What Is The Medical Marijuana Industry Supposed To Do At Tax Time Since Their Crop Is Illegal?

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Running a business isn’t easy, but the men and women in the state’s legal medical marijuana industry have it worse than everyone else because of outdated federal laws. The way current laws are written, even though these people run a legal business in the state, they are not allowed to deduct all of their expenses like other business owners do at tax time. And for some, that means they could end up owing more taxes than their entire year’s earnings.

This leaves dispensary owners, growers, drug manufacturers and everyone else in the 23 states with a legal medical marijuana industry in the state confused about what exactly they are supposed to do at tax time. . And since the laws are the problem, even a good accountant can’t provide the answers you want to hear.

Most of these small business owners have never run a store or business before, and are now finding that they can’t compete by the same rules as everyone else. These men and women are already paying state business taxes and fees that are terribly higher than those charged to any other business owner, including the cigarette, alcohol and adult industries.

And to make matters worse, our Federal Tax Court has already denied deductions on everything from store rent to medical marijuana legally purchased for sale to patients in this state-sanctioned industry. The IRS does this by combining the Controlled Substances Act of 1970 that classifies marijuana as a Schedule I drug along with Section 280E of the IRS Code that rejects the deduction for controlled substances expenses. This allows them to take any profit made by these small business owners and take them out of business. Because of this, everyone in the medical marijuana industry who submits an honest tax return becomes an easy target for anti-marijuana auditors.

Before these legitimate businessmen and women can compete fairly, both federal laws must be repealed. Until they are, the state’s legal medical marijuana industry will be forced to compete in today’s tax world, a place where the IRS can wipe out all of its profits at any time and the black market is safer.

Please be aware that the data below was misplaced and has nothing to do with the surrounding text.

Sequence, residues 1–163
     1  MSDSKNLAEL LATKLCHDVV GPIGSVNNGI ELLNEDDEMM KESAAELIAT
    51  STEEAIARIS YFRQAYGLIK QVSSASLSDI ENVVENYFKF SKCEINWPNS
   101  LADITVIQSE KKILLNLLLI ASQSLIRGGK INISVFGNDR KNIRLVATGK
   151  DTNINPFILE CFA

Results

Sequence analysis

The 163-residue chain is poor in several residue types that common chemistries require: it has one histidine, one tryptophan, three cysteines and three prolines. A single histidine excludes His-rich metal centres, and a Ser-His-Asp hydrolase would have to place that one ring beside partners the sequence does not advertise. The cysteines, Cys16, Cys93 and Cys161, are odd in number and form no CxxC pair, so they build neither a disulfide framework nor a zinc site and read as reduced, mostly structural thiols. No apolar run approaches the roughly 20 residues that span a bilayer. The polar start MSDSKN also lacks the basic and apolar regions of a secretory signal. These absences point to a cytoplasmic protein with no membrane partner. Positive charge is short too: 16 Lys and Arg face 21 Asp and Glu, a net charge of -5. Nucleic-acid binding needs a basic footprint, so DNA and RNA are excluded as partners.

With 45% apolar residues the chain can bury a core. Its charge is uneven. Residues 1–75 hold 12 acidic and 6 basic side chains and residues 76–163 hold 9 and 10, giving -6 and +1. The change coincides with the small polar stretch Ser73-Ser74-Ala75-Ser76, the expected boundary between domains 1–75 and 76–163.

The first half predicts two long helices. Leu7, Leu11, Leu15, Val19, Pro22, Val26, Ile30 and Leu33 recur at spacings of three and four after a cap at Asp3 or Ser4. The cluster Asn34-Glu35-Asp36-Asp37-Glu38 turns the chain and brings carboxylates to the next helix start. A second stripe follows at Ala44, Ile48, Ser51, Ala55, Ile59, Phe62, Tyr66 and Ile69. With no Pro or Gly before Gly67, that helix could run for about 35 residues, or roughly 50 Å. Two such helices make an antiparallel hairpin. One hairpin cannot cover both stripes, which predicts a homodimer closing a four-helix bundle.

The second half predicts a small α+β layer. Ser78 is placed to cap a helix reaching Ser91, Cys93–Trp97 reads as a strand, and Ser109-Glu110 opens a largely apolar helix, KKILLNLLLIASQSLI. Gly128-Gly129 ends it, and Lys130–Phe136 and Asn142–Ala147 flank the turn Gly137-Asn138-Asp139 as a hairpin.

Because the US Department of Health and Human Services holds patent no. 6630507 for the antioxidant properties of marijuana, and the US patent office has granted marijuana patents to large pharmaceutical companies, it is obvious that marijuana has medicinal value. Combined with the documentation of successful medical use in Israel and other countries, it appears to be time to repeal the 1970 Schedule I drug label. But that won’t happen any time soon unless the medical marijuana industry joins in and demands that. change.

If producers, dispensary owners, drug manufacturers, and patients do not speak up for this industry today, they can expect continued problems for years to come. Medical marijuana patients and business owners have only two options; they can continue to accept discrimination because of the choice of a natural medicine or they can come together as a group and change those federal laws. If they choose the first option, they might as well close their doors now because the taxes will bankrupt them pretty quickly anyway; But if they push for the equal rights they deserve as an industry, they will open the door to legitimate business success and real profit.

Since every politician takes an oath to represent the voters in his state, and his state has repealed the ban, it is the politician’s job to change those federal laws. Medical marijuana business owners need to schedule meetings with their senators and state representatives to discuss this issue today. And they must expect results. All voters have the right to demand accountability, and state-licensed medical marijuana businessmen and women have the right to know what their elected officials have done to end this tax discrimination.

If the industry waits too long, it is obvious that voters in medical marijuana states will have their rights nullified, big business will have control of the marijuana plant, poor people who have been successful with medical marijuana will be forced to return. to dangerous and addictive activities. prescriptions, health insurance costs will skyrocket as everyone will be forced to pay for Big Pharm’s synthetic marijuana prescriptions for people with insurance, and the ban against nature will continue.

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